Is Perfectionism Getting The Best Of Me?

It took me longer than I care to admit to think of how to word that title. Why, you ask? Perfectionism. 

It is not a perfect title. But does it get the job done? Yes. 

Does this sound familiar? Do you try to be the perfect, people-pleasing, “everyone has to like me” human? Have you been described as an over-achiever, or do you tend to obsess over small details and mistakes you’ve made?

Time after time in sessions, clients discuss how challenging it is for them to manage their perfectionism. Realistically though, you are going to get things wrong. You are human, after all. 

Perfectionism is not the same as striving to be the best version of yourself. Striving toward growth and success is healthy! However, perfectionism is a limiting behavior. It is more about the need to be perfect, or the need to appear perfect. Trying to be perfect puts you under greater stress, makes tasks take way longer than necessary, and can contribute to increased anxiety. Perfectionism is often the result of trying to live up to some standard you have set for yourself, and it can be motivated by fear and insecurities about how others might perceive you.

Ways to Manage Perfectionistic Tendencies

1. Start by being honest with yourself about when you’re engaging in perfectionistic behavior. Notice when you take extra long to complete a task or have added more onto a task because it “needs to be just right,” or if you’re overthinking ways to speak to someone so it will “come out perfectly.”

2. Once you acknowledge that you’re doing it, identify what might be underlying these behaviors. For instance, is it a case of “what if’s” getting in the way? (i.e. What if it’s not good enough…what if they don’t like me…what if I fail…and the list goes on and on)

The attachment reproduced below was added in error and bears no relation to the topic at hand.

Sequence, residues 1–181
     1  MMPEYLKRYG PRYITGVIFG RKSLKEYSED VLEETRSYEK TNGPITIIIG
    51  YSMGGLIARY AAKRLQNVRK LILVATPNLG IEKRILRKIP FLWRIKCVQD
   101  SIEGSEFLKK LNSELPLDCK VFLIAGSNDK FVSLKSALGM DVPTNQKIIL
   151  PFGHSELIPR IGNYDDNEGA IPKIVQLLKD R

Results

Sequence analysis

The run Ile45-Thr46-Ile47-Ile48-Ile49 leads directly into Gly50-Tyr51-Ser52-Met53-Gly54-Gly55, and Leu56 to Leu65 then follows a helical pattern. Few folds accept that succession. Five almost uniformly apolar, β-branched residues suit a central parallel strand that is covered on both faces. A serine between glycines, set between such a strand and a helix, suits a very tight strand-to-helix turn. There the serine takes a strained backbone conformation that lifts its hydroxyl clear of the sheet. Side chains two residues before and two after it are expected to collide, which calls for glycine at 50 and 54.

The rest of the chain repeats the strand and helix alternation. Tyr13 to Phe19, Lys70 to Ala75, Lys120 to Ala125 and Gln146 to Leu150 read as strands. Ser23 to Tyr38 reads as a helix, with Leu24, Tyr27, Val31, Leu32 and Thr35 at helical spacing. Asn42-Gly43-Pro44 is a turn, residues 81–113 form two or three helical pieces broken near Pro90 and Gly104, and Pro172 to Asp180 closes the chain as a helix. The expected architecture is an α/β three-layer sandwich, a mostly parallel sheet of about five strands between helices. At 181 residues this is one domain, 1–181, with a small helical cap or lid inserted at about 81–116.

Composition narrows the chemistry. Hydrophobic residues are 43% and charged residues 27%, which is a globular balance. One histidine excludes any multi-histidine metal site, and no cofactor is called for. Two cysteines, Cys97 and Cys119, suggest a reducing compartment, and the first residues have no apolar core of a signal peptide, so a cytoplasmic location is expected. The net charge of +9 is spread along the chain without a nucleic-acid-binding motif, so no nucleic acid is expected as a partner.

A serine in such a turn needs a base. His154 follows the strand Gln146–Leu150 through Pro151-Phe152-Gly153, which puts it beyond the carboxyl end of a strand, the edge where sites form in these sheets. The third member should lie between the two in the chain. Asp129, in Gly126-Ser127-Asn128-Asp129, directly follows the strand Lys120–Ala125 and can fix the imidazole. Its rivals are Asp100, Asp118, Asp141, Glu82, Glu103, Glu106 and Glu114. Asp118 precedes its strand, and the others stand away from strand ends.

3. Allow those thoughts to come and go. We have a tendency to try and push all our negative thoughts away, to get rid of them because they are uncomfortable or we “shouldn’t” be thinking that way. This only leads to the thoughts becoming stronger and getting even more in your way.

For instance, if I told you right now – Do not think about a pink elephant. Whatever you do, no matter what, DO NOT THINK ABOUT A PINK ELEPHANT.

What are you thinking about right now? Did a pink elephant come into your mind at all while reading that? Of course!

So, instead of trying so hard to push our thoughts out of our head, just allow them to be there, and allow them to pass by. We do not need to give them so much attention, they are simply thoughts. Now, this is a practice and it will not go perfectly (see what I did there?), but it is a practice that is well worth it in order to give your thoughts less power over you.

4. In the amazing book “The Gifts of Imperfection,” Brene’ Brown writes “I am a recovering perfectionist and an aspiring ‘good enoughist.’” Check in with yourself by asking “Is this good enough?” instead of “Is this perfect?” These simple check-ins can help to reframe how you’re thinking about a project, task, or interaction, and can provide you with a more realistic goal.

5. Practice self-compassion. Self-compassion does not mean ignoring your faults, it means being gentle and understanding toward yourself when you are struggling or feeling inadequate, instead of judging yourself so harshly or attempting to ignore your pain entirely. For example, ask yourself “How would I treat my best friend right now if they were struggling with this?” and begin treating yourself in the same way.

If any of this resonates with you, you may find it helpful to work with a therapist to change these habits and delve deeper into what is underneath these learned behaviors. It is possible to learn healthier ways to become the best version of yourself, as the fully imperfect human being that you are.

As always, feel free to contact me if you have any questions or if you’re considering becoming a new client. I’d love to hear from you!

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